Leveraging Curated Data for Strategic Decision Making

Navigating today’s volatile business landscape without top-tier data is like trying to predict a hurricane with last month’s weather report. It’s not just reckless; it’s downright dangerous. Quality, up-to-date information is the Doppler radar for your business, helping you see through the unpredictable market conditions to make decisions that aren’t just reactive guesses but proactive strategies. After all, facts are as unyielding as the laws of nature: they don’t bend to our wishes or fears.

Cautionary tales underscore the critical importance of data accuracy in our interconnected, information-driven world. The 1999 NASA Mars Climate Orbiter failure serves as a stark reminder of how a simple unit conversion error, undetected due to inadequate data validation, led to the spacecraft’s destruction. Similarly, the 2008 financial crisis highlighted the dangers of relying on flawed historical data models that failed to account for the risks of subprime mortgages, resulting in a global economic downturn. More recently, the 2020 UK A-Level grading algorithm controversy demonstrated the pitfalls of not thoroughly validating the impact of data models on diverse student groups, leading to widespread perceived unfairness and policy reversal.

So what’s the solution? It’s not just one thing. Instead, multiple factors come into play: data breadth and curation, as well as its integration into a programming environment for high-level analysis.

Enter the Wolfram Knowledgebase, a comprehensive data system that underpins Wolfram Language, with vast, curated datasets that are immediately computable—no data cleanup or excessive tagging/categorization is required because that’s already been done for you.


Data Scope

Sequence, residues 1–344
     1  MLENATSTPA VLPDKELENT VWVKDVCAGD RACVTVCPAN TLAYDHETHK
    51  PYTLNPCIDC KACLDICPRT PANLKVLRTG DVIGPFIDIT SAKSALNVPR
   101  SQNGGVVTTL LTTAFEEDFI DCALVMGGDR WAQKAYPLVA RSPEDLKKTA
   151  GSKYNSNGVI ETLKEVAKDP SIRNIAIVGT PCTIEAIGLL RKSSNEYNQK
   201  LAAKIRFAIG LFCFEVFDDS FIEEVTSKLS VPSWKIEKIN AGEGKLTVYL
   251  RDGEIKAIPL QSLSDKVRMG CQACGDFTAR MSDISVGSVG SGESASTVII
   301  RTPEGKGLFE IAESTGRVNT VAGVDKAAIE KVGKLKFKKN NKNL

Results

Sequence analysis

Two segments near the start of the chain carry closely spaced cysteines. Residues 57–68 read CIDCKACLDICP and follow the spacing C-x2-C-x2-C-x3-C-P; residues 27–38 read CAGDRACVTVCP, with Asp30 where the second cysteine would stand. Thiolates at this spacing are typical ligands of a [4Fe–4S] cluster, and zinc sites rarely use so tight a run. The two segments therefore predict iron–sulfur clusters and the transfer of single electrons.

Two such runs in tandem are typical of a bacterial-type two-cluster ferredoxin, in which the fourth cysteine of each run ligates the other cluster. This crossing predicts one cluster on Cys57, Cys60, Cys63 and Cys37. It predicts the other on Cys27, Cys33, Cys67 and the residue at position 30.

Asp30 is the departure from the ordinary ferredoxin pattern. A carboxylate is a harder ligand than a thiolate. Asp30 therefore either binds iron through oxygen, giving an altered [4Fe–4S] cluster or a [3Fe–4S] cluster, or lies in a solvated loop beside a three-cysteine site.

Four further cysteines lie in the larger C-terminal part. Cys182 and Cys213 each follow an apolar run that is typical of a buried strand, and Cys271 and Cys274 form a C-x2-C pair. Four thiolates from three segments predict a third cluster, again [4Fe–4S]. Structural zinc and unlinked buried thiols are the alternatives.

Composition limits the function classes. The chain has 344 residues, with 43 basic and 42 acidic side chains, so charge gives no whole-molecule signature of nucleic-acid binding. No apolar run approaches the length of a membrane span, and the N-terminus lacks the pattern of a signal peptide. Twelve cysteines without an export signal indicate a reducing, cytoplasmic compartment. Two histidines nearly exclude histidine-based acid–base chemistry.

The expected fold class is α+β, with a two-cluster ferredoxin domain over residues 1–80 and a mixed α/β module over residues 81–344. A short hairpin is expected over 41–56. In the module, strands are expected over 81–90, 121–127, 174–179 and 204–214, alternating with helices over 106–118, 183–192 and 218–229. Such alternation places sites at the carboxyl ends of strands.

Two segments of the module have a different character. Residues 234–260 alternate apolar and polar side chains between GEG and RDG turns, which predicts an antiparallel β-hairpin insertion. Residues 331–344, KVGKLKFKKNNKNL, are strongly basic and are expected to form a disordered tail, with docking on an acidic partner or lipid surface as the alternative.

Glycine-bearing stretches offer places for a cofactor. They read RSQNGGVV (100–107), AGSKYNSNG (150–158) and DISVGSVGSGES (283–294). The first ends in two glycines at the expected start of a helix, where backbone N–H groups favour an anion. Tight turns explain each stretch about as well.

The Wolfram Knowledgebase is a comprehensive repository of curated data across multiple areas: from physical sciences (elements and molecules), medical data (gene properties) and astronomical information to economic indicators (stock prices), country statistics and cultural data, including historical events and notable personalities, along with internet-based metrics.

Knowledgebase entities

As Alan Joyce, Director of Content Development at Wolfram, describes it, “Basically, the Wolfram Knowledgebase covers pretty much every type of known information about the world that you can think of.”

This data is then organized into hundreds of different “entities” that represent either physical “things,” including types of animals (dogs and cats), movies (Casablanca to Barbie) and countries (the US and France), or mathematical and other scientific concepts such as space curves, mathematical functions and periodic tilings.

Plus, you’re not limited to only the data in the Wolfram Knowledgebase. You can also add entities for your own datasets and import that information to use with what’s already in the Wolfram entity framework.


Data Management

The breadth of available datasets is the first thing that sets the Wolfram Knowledgebase apart from other online databases. But this information is not just a hodgepodge collection of information from different sources. Instead, as detailed by CEO Stephen Wolfram, it’s carefully evaluated, selected and processed for integration within the Wolfram tech stack.

Data management process